Figure Skating Levels: Skating Skills
Most skaters participating in U.S. Figure Skating testing start with the Skating Skills track. This track is considered a prerequisite or baseline test series and is essential for athletes who wish to participate in other discipline-specific tests, like pattern dance or pairs. Skaters can move through every level of Skating Skills without ever taking a test in another area, but they can’t test in any of the other four areas without passing the corresponding level test in Skating Skills.
The U.S. Figure Skating testing structure is often referred to as the “backbone” of figure skating because it gives skaters the opportunity to showcase their skills compared to a national average and reach gold medalist status. But in order to reach that status or test in any of the other disciplines, skaters must begin with Skating Skills.
What Is the Skating Skills Test for Figure Skating?
There are five different areas of testing for figure skaters, and the Skating Skills test is considered the baseline. Simply put, this area tests the skater’s ability in skating skills. Each level in the Skating Skills testing structure helps athletes learn skating skills and turns with a focus on accuracy, bilateral movement, strength, edge quality, extension, continuous flow, quickness, power, and turn execution.
Without these core skills, skaters couldn’t perform properly in any area or discipline of skating. Those hoping to become high-level skaters must master these key skills and techniques before they can learn how to apply them to other disciplines like pattern dance or pairs.
What Is the Purpose of Skating Skills?
The purpose of Skating Skills is to test the skater’s mastery of these core skills in relation to which level they’re testing at. These tests help skaters learn which areas they need to improve on and help them showcase what they’ve learned. Each level builds on the previous ones and becomes progressively more intricate and challenging. There are several levels in this track, including:
What Is the Difference Between Skating Skills and Moves in the Field?
The Skating Skills levels previously went by different names and used to be referred to as pre-preliminary, preliminary, pre-juvenile, juvenile, intermediate, novice, junior, and senior. Similarly, Moves in the Field has also been renamed to Skating Skills. These name changes for the U.S. Figure Skating testing levels were implemented on July 1, 2023. The changes haven’t altered what skaters will be tested on and were done to better reflect the intent of the test and levels, which is often to become a gold medalist!
What Will You Be Tested On?
You’ll begin at the first level for the Skating Skills test, which is pre-preliminary. You must pass your test before moving on to the following level.
Each level will consist of four to six set patterns the skater must perform. Skaters are required to perform skills in both clockwise and counterclockwise directions, on both the right and left feet, and on both inside and outside edges. The levels become progressively more challenging as skaters advance, and each level builds on the previous ones.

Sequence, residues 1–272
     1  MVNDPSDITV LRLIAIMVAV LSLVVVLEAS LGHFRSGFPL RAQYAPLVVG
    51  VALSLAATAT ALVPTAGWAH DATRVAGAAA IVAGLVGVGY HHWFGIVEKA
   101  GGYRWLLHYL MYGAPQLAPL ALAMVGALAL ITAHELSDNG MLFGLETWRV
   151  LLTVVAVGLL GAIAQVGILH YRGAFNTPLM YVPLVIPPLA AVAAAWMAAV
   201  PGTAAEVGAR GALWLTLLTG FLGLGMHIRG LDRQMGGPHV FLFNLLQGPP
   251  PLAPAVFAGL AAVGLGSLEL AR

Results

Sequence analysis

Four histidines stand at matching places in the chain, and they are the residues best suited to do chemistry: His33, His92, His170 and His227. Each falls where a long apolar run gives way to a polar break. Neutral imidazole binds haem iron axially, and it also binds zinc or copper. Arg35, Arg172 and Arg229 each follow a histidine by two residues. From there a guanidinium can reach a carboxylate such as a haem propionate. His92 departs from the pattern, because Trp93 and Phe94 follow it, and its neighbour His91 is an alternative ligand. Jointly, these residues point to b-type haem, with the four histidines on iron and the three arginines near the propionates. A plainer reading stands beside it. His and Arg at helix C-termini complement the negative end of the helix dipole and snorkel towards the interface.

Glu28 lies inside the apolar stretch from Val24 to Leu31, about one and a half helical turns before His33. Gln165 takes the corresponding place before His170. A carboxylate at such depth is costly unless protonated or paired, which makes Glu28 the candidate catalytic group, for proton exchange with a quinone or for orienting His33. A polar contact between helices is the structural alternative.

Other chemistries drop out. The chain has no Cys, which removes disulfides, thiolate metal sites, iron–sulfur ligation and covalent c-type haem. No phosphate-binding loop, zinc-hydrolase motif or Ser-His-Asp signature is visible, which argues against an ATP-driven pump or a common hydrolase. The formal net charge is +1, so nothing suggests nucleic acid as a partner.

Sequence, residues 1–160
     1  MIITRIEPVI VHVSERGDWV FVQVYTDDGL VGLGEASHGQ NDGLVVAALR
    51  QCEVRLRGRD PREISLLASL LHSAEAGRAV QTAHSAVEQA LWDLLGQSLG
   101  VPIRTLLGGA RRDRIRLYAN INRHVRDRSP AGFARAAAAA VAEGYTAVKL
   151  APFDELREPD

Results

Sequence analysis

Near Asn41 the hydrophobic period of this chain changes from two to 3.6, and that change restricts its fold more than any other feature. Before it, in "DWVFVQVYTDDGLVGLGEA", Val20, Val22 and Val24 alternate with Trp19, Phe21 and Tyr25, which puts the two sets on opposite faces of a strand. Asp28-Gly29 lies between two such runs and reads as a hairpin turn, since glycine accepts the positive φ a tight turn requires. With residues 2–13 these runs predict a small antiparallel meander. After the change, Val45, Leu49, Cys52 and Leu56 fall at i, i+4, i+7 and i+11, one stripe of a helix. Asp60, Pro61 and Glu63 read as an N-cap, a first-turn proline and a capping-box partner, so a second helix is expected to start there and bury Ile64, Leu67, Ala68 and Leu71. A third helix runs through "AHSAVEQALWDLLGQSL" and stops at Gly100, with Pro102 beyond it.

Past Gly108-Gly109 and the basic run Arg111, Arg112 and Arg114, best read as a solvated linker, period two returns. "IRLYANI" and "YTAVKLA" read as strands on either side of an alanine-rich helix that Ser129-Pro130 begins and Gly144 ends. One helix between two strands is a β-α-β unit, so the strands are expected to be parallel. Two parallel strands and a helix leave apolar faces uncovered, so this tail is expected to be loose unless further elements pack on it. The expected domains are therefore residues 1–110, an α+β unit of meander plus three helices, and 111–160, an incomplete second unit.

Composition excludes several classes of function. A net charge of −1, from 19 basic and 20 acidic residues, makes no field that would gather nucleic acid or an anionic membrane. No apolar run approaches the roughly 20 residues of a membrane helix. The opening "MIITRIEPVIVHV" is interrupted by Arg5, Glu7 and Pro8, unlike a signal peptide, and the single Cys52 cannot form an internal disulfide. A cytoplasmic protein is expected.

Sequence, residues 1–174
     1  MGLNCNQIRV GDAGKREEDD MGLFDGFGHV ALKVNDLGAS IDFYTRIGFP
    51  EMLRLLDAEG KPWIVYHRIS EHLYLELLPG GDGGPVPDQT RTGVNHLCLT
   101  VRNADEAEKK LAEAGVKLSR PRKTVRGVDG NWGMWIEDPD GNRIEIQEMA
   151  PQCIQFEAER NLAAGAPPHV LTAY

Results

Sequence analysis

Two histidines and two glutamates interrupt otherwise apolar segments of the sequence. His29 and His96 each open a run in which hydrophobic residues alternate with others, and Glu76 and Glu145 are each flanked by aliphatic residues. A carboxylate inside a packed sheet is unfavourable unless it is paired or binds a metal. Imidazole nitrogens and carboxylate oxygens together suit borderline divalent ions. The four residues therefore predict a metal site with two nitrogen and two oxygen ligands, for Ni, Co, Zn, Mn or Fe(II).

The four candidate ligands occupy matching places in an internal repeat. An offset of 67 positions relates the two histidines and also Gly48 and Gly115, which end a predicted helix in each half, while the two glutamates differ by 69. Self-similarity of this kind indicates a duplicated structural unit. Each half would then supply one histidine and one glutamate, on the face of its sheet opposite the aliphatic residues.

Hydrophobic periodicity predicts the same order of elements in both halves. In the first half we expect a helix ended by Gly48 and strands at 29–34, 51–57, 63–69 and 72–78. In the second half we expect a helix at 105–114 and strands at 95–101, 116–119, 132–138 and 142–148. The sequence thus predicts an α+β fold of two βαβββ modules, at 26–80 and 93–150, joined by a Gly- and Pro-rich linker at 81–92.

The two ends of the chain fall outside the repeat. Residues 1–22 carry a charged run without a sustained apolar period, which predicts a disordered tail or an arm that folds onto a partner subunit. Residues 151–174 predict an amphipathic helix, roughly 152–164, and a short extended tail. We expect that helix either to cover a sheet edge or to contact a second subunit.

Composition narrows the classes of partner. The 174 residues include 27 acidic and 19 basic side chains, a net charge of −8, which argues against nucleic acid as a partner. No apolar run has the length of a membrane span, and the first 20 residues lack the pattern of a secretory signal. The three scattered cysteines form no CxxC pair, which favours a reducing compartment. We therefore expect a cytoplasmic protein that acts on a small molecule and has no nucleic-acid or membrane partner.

New layers of skills are added onto the basic techniques as skaters reach new levels. You’ll never stop using the most basic techniques you learn. Instead, you’ll learn how to build on those techniques and moves as they become more intricate and challenging with each new level you reach.
Each pattern a skater is required to perform can be found in the U.S. Figure Skating Rule Book. This book describes the required patterns in each level in detail and provides a diagram of what it will look like when performed on the ice. This is an excellent resource for skaters preparing for their Skating Skills test.
How Long Does It Take To Pass the Skating Skills Tests?
On average, it takes skaters six years to pass the gold level test for Skating Skills. However, athletes move at their own pace through these levels. How long it takes will ultimately depend on your goals and the time you put in. Competitive skaters are often focused on progressing through the levels more quickly than recreational skaters so they can enter competitions, but there is no right or wrong amount of time to spend ascending through the Skating Skills levels.
At the pre-preliminary level, most skaters take about six months to pass the test if they spend an hour or so each week working on it. Most skaters pass on their first try, but you are allowed to retest if you don’t receive a passing score.
Once skaters reach the intermediate levels, it can take between eight months and one year to pass if they’re working toward that goal for an average of three hours each week. These timelines are merely an average and not something skaters should hold themselves to. It’s fine to go at your own pace and take the time to master the necessary skills before attempting your test.
It’s important for skaters to work with a good coach and set reachable goals to progress through the Skating Skills testing levels. Remember to give yourself the time you need, and don’t worry about comparing yourself to other skaters! Everyone moves through the tests at their own pace.
Level Up With Riedell Ice
It’s essential to have the right equipment when you attempt the Skating Skills tests. Your most important piece of equipment is your skates, and we have the best products available for people at every skill level. Check out our developmental series to find the perfect skates for you.